WINNIPEG — She has been the subject of debate in Canada’s highest court of law, the topic of endless discussions in the media. Women’s rights groups lauded the Supreme Court of Canada’s Oct. 31 ruling on her case, that a pregnant woman abusing substances should not be forced into treatment.

But all Ms G wants now is to get on with her life and to mother her year-old baby and the one that is to come in January.

“Ms G” — whose name cannot be made public because her older children are in foster care — has gotten off glue sniffing and was married Nov. 1, the day after the Supreme Court decision.

Looking to faith

And she and her new husband, George Timmerman, are looking to their faith in God for their strength.

At 23, Ms G has already lived through years of rejection and abuse. Her first three children were apprehended at birth because Winnipeg Child and Family Services felt she would not be a responsible mother. Two of her children suffer physical and mental effects from her addiction.

Raised in an aboriginal community in northern Manitoba, Ms G lost her own mother when she was 11. “Right away after she got buried I was in a foster home,” she says. That’s when her feelings of rejection set in. “I felt like my family didn’t want me.”

She came to the city when she was 13, and for the next several years went back and forth. As a young teenager, she used to look after her sister’s four children when their mom went out drinking. One time, there was no food left in the house. Someone had called CFS and a social worker showed up to take the children away.

“I felt like a mother to those kids,” Ms G says. She remembers being angry with her sister for abandoning the children, and with CFS for taking them away. “I wanted to run off with the kids.”

Her older sister used to take her on drinking sprees, leaving her in the lobby of a hotel. Bored, she began making friends with the glue sniffers who walked into the hotel. “And so they offered me that rag and so I took it.”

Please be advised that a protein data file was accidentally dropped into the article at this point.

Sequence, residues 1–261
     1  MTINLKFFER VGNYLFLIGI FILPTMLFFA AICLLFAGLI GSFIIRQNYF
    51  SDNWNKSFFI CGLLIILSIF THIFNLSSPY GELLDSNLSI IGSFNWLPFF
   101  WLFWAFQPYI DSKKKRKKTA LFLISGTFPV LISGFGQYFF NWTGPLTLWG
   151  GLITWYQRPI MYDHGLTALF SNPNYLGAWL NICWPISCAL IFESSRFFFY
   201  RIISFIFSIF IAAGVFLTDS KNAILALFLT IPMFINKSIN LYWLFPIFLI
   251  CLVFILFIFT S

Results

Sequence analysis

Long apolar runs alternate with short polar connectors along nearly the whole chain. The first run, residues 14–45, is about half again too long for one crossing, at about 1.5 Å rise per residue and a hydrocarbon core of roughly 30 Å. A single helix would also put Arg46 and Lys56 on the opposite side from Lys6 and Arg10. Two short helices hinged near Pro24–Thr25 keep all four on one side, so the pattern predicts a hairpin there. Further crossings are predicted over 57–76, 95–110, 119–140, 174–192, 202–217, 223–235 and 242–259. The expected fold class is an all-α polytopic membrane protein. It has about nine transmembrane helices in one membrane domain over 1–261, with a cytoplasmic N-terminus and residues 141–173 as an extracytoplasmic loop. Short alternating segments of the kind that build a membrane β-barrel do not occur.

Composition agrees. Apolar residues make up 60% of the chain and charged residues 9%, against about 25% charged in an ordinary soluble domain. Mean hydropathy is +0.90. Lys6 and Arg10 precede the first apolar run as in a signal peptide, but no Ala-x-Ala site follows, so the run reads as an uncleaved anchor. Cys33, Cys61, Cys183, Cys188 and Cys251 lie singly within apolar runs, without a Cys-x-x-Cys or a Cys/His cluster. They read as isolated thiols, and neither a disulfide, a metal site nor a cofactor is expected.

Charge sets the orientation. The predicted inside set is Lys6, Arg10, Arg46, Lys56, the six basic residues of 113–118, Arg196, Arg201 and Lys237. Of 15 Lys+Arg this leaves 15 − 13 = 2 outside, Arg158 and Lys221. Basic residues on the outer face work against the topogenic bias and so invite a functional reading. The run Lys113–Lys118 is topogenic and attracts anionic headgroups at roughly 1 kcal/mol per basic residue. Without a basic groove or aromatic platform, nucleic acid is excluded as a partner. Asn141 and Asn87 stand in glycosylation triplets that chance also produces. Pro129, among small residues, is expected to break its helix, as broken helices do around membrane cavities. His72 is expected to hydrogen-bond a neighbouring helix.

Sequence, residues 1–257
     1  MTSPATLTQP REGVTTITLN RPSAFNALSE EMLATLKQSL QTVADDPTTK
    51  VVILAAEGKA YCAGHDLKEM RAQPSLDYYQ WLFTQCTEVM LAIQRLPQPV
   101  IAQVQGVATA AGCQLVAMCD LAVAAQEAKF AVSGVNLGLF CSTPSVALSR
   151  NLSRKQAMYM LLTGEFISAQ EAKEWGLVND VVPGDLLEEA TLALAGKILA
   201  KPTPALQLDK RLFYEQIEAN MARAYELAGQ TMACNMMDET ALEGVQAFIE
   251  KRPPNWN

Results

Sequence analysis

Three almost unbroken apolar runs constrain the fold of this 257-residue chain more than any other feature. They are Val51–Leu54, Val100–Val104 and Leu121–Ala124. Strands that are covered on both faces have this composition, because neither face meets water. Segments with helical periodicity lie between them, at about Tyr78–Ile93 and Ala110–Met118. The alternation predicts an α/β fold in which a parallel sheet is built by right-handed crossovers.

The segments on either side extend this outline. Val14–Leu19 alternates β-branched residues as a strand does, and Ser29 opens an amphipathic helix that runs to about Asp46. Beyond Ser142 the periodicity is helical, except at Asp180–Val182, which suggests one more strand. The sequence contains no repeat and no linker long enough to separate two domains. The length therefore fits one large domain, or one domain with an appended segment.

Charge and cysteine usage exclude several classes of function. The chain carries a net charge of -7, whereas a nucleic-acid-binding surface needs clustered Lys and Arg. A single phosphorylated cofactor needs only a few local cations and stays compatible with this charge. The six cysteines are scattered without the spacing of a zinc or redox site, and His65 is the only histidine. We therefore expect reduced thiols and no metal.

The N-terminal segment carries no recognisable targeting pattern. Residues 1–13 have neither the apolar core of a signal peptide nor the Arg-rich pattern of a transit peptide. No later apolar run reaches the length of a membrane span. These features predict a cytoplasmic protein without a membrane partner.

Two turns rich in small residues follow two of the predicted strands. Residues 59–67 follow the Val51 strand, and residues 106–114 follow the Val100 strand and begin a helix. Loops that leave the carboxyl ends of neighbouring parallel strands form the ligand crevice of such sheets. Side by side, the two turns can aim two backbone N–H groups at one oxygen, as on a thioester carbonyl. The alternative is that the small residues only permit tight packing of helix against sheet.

She was 16, and kept inhaling for the next six years, through three pregnancies and a five-year abusive relationship. Back then, she thought the lifestyle was good. She enjoyed hallucinating. “Now I don’t like it at all.”

Ms G remembers going to court for the custody of her second child. She was so depressed about the thought of losing her baby permanently that she decided she would kill herself if the court ruled against her. “I’m going to walk out of here and jump in front of a vehicle,” she remembers thinking.

The court adjourned until another date, and the second time Ms G went armed with a full jar of sniff, ditching it under a planter outside the courthouse to fetch later if she needed it. When CFS was granted permanent custody of her child, “I went for my jar.” The sniff kept her from committing suicide.

It made her not care. “I had told myself I want to die sniffing. That’s how much I thought I loved it.”

Ms G and Timmerman met in the spring of 1995 at a friend’s house. Both were lonely and struggling with rejection. But an earlier commitment to Christ prompted each of them to ask God for a Christian partner. “When I came back from Berens River (her home up north), I asked for the Lord to send me a Christian man,” says Ms G. “I was tired of abuse. I wanted somebody that was honest, that wouldn’t lie and wouldn’t drink.”

The beginning of a new relationship did not mean the end of solvent abuse. In August 1996, Ms G’s life became the focus of national attention when CFS tried to force her into treatment. She was five-and-a-half months pregnant with her fourth child, perpetually high on solvent, and in danger of losing yet another baby.

At the time she fought back. “Nobody has a right to force anyone to do something they don’t want to do,” she says. “But me, I’m kind of glad they did. It gave me time to think about things.”

Time for healing

She voluntarily stayed in the hospital, going through withdrawal. She was eating well and started gaining weight. She worried whether her baby would be healthy after she spent five months of her pregnancy sniffing constantly. “But I knew the Lord can heal.”

She was beginning to consider life beyond the jar of solvent. Finally, through will power, support from Timmerman, strength from God and time spent in a hospital ward, she quit using sniff. “I made up my mind because I wanted to mother a baby,” she says. “I loved babies so much.”

Ms G is looking forward to having her fifth child, due in early January. She has no contact with her oldest, who has been adopted, but sees her other two, aged four and five, every couple of months and talks to them on the phone. They attended her wedding. She hopes eventually to get them back, but knows that could take some time. “We’re not going to rush into things.”

The couple’s church attendance is sporadic. They were married by the pastor of a small independent church that meets in a private home, and look to each other and their own study of the Bible rather than a solid fellowship.

Still, Ms G has come a long way. In the future, she hopes to finish high school — a top student, she dropped out of Grade 10 when she was pregnant.

Life on the street is like a death sentence, she now realizes. “I was only hanging on by a thin string. Death was so close to me.”

And she has a message for others who are destroying themselves with sniff: “I’ve got to tell those people to get out of there.”

(Reprinted with permission of Christian Week magazine. Debra Fieguth is an assistant editor with Christian Week).